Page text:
The King’s brothers pushed on by the emigrants may perhaps not wait for them—they are impatient to make an entry into France and persuade themselves that great numbers would in that case flock to their standard. The greater part of one of the Irish Regiments in the French service has deserted and gone to join the emigrants, a circumstance which has roused their hopes and will confirm their opinion of the number of partisans they would find in the Kingdom. The army is in a state of indiscipline which is alarming. They express however much attachment to the national assembly, and much aversion for their officers who have abandoned them to join the emigrants. It is hard to say what would be the conduct of such an army in trying circumstances, but it seems to me that the assembly count too much on their patriotism.
The King of Sweden has left the frontiers of this country to return to Stockholm. His sentiments are more pronounced with respect to French affairs than those of any other crowned head. It is said he has ordered his Ambassador here not to communicate with M. de Montmorin and it has been for some time observed that he alone of all the corps diplomatique has withdrawn himself from the audiences of the minister. A letter is printed in some of the papers and particularly the gazette universelle of today, from the King to the Baron de Stael in which he gives him these orders and expresses himself with much violence respecting the Monarch’s treatment. I observe that this letter is supposed true by several, but I cannot assert it, having not seen M. de Stael.
The conferences are renewed at Sistovie and there is no doubt peace will be the result. Russia however continues the war with vigour having lately gained two signal victories on the Danube and in the Cuban. The conferences of Sistovie and those carrying on at present at Vienna after having been begun with the Emperor in person in Italy seem to insure that Austria, Prussia and England will not engage in a military way. The Turk must of course make his peace as well as he can, and the terms offered by Russia, considering circumstances, are really moderate.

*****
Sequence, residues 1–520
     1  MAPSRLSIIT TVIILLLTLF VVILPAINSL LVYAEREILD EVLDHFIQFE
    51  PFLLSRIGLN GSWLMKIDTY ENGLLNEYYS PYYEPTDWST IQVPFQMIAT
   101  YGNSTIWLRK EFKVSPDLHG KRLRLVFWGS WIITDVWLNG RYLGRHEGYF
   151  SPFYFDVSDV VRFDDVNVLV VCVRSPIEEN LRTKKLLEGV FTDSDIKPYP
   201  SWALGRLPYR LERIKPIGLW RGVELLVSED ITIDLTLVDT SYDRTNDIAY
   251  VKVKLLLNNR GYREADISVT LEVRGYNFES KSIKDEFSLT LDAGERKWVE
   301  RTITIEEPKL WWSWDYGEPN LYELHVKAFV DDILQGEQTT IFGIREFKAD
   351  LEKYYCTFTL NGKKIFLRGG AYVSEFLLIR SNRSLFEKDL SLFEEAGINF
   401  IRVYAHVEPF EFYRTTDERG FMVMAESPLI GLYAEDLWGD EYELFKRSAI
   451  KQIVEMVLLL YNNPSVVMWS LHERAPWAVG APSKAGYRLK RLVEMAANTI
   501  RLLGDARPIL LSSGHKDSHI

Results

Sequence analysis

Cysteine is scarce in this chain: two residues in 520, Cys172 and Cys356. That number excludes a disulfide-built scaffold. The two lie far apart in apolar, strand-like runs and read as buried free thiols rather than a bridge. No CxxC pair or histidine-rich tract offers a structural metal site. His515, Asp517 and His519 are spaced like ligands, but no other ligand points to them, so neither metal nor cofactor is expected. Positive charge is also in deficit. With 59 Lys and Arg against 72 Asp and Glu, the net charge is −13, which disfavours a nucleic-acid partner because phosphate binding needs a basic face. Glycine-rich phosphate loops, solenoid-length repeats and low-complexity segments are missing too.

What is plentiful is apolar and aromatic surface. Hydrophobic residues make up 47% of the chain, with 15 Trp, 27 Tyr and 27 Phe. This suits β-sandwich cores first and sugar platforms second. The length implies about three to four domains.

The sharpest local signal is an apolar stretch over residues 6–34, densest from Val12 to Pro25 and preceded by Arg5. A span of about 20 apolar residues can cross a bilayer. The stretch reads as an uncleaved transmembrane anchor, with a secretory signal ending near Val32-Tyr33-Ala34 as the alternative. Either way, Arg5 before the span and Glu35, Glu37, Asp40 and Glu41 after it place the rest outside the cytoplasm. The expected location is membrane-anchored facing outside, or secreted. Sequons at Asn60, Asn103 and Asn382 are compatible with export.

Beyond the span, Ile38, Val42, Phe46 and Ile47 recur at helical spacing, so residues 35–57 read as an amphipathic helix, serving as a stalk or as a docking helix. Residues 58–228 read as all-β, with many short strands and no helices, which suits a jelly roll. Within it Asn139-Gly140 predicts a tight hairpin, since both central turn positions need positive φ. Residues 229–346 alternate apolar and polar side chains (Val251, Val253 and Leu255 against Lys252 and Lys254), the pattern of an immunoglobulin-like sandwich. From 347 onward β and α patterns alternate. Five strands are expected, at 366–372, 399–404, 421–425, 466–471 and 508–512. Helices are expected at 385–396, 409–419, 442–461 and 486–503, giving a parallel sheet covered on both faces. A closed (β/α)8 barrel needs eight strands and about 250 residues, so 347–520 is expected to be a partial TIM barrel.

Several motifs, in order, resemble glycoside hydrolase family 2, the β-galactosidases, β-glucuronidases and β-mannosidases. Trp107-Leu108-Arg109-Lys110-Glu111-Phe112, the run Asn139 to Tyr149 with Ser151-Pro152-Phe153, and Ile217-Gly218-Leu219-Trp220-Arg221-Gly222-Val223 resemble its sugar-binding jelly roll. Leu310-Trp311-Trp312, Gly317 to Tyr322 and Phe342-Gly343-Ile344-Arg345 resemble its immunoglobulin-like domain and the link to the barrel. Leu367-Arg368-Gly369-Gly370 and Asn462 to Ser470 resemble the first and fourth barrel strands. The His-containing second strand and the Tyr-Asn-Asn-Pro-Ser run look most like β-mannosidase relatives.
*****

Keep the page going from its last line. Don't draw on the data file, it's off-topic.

There seems a suspicion well enough founded that the active negotiations which have been for some time carrying on in the north are closely connected with a projected change in the system. It is known that the courts of Berlin and Vienna have long had desires that they have from time to time manifested with respect to the augmentation of their territory either by exchange or otherwise. Thorn and Dantzick are what the King of Prussia has particularly in view, and you know he failed in his late negotiation for that purpose with Poland. The Emperor wishes the exchange of the low countries for Bavaria. The King of Prussia desires also the exchange of two isolated principalities for Lusace, and the Elector of Saxony declines accepting the throne of Poland until the sentiments of those two monarchs are fully known. Out of this situation of affairs the idea has arisen of effecting by mutual services what they all desire. It seems now believed among the well informed here that the Emperor and King of Prussia will have soon a personal interview on these subjects. It will be happy for this country if they find sufficient employment for some time, either by their negotiations or their operations for supporting them, to lose sight of the French revolution. It is much to be feared however that the situation of affairs here will be in time too tempting not to induce foreign powers to interfere, if they can agree among themselves about the result of such an interference.